3 The third reason is that by offering Basic Lessons in a shortened form – not months of study – people can reach the point where they will be ready to take their English learning to the next level by learning how to practise what they’ve learned – from me or others.

So, let me summarise those points to say that I provide a means to practise English. Students with that prior knowledge can read and understand the simple ideas and processes in my Modules and use them to practise – to improve their English skills. My ‘simply better’ Method: Module A enables students to practise ALL their skills, almost at once in a more natural way. They will practise reading or listening comprehension, be able to respond in grammatically perfect fashion either in writing or by speaking. In turn, because they will recognise that their abilities will have improved, their confidence will soar. That confidence will drive them to even greater levels. Then, based on their success, they will want to get my other Modules – a spelling method, a pronunciation module, an IELTS Speaking Test Module, or a Method for preparing for essay writing or making oral presentations.



Let me now explain some of my background as an English teacher. I am not a trained teacher; my ideas on teaching have come from articles and books on teaching English as a second language while I was teaching in China. While most foreign teachers were content with a year of teaching English in China before going back to their home countries to get ‘a real job’, I saw teaching in China as a longer term ‘career’ so I wanted to improve my practice.


'Unlearning' my teaching practice


Until I completed a 4-week TEFL course, the teaching I had done was uninformed. I taught the way I had been taught in primary and secondary school: lots of ‘say after me’ and ‘learn what I teach you’. This was the way Chinese teachers taught, not just English. This was/is how Chinese students learned – by memorization. I had to battle that system in the way I preferred to teach. I was appreciative of the level of autonomy I had at Chinese colleges and universities. Although the textbooks were set, I could teach how I wanted to teach using them as long as I got results. And I got good results.


I had to ‘unlearn’ the way I was taught to teach at TEFL. But I did not like the way teachers were taught to teach at TEFL. The method of teaching was based on students copying the teacher who modeled dialogues for students to reproduce. I came to realise that what was produced was designed to please parents who were happy to see their children ‘speaking English.’ But none of them could hold a conversation. The schools that hired TEFL graduates were in the business of money making. Parents were happy to pay for weeks and weeks to have their kids taught to speak like parrots. Everyone was happy.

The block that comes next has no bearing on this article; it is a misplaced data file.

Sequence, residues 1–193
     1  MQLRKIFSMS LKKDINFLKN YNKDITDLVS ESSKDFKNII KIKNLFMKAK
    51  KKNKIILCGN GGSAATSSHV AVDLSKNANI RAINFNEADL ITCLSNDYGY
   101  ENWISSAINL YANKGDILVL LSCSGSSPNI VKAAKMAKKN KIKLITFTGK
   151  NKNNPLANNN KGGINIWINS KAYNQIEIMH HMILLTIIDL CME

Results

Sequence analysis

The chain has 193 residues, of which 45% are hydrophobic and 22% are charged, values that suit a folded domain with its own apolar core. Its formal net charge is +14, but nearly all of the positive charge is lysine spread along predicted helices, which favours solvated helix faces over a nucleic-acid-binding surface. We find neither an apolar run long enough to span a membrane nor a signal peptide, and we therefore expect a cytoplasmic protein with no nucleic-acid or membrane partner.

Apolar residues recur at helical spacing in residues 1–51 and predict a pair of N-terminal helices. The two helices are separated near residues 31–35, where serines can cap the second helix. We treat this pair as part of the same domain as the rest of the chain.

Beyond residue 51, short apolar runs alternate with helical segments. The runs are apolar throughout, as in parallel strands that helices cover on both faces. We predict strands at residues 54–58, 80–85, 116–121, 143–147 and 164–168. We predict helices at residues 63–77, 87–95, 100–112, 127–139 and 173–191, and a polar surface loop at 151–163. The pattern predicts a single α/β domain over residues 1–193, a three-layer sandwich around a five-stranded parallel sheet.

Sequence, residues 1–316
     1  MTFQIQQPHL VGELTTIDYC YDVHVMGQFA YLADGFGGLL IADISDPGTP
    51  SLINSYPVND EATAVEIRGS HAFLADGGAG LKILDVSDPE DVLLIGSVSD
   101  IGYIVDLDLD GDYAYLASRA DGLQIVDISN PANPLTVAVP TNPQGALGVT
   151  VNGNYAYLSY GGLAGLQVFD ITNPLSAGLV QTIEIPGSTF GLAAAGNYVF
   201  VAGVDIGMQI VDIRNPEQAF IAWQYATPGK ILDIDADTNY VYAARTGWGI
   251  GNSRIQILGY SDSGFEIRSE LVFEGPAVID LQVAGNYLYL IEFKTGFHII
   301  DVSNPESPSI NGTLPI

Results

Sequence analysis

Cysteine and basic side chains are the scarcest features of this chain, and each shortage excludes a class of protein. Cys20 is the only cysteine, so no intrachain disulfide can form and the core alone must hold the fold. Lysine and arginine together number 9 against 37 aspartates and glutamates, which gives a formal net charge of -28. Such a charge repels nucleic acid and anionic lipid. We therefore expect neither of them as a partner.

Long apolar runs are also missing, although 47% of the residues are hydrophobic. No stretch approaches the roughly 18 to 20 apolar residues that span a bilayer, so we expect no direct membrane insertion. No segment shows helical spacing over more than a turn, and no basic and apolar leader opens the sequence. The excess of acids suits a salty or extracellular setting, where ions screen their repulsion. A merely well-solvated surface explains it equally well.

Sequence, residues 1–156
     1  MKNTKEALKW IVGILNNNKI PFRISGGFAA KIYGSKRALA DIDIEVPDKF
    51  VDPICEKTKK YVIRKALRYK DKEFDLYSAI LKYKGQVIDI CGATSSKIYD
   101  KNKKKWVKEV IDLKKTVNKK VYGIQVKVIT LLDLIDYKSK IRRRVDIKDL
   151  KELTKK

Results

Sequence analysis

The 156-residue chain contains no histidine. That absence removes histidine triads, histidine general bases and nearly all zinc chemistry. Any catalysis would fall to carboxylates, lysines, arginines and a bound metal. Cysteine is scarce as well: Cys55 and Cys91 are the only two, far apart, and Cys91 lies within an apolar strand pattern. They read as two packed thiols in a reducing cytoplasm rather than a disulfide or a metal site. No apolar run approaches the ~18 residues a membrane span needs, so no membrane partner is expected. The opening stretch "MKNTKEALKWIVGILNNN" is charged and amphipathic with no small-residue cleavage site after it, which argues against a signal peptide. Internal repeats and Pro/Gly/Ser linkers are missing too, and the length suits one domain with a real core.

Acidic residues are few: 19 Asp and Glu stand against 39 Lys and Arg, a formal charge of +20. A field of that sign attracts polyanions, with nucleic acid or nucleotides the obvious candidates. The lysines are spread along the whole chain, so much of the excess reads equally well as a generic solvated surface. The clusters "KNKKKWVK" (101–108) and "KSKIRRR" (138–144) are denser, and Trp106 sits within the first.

I believed there had to be a better way to teach. So, in the first lesson of every class I had in China, post TEFL, I taught my students the basis of My ‘simply better’ Method Module. By the end of that lesson, students (those who were more proficient than others) were speaking in possibly the longest sentences they had ever spoken in their lives before – and using perfect grammar. They ‘got’ the idea. I could use the technique at any time in the class. I was using ‘real life’ situations to get them to practise their skills of listening and speaking - none of that textbook dialogue stuff that they would have to memorise to use – then rarely use later. I expected them to practise the method after classes as well – again, real life English.

Even with passages of text, students did not have to ‘read after me’ to practise their English in class. Instead, I taught them to skim read to find answers to my comprehension questions then expected them to give me long, detailed answers. Multiple choice answers might have produced correct answers, but I was interested more in getting students to read then give more detailed answers - all aimed at building confidence. My lessons were more ‘conversational’ than conventional rote learning. We had fun.


Developing my methods for the market


When I returned to Australia, I decided to use that Method, as well as other methods, as the basis for a business. I knew, from asking other teachers, that nobody was using my method. I knew my method was unique and I had field-tested it in class after class in China. Yet, I had a hard time ‘selling’ it to educators in Australia. TAFE and Community English classes did not appreciate the power of the method. I doubt whether the method is used in Australian, UK or US schools where it could be implemented as well. Let me say here, that it is only one tool in teaching English. It will never replace the teaching of content or skills. It simply is a means of practice to achieve competency in those skills of performance – speaking and writing English well.


I did, however, fully appreciate the value of the method, convinced as I was by my success in using it and so I developed my business. My dream is to take it international. The market in developing countries such as India, China, Pakistan, Malaysia, Indonesia, Mexico, Brazil, and South Korea is massive, and I want to be a part of it. I believe it is achievable.


Conclusion


In conclusion, I believe this article has been a worthwhile exercise for me and hopefully you as the reader – and potential student/customer. It has made me reflect on my ‘modus operandi’ by forcing me to write an explanatory article. I am sure I have responded adequately to the member’s statement. I hope that by reading this, the reader will understand better and appreciate more, how my methods (not just my ‘simply better’ Methods) are designed to help students improve their English in a vastly different way – a way that has guaranteed success based on my own experiences.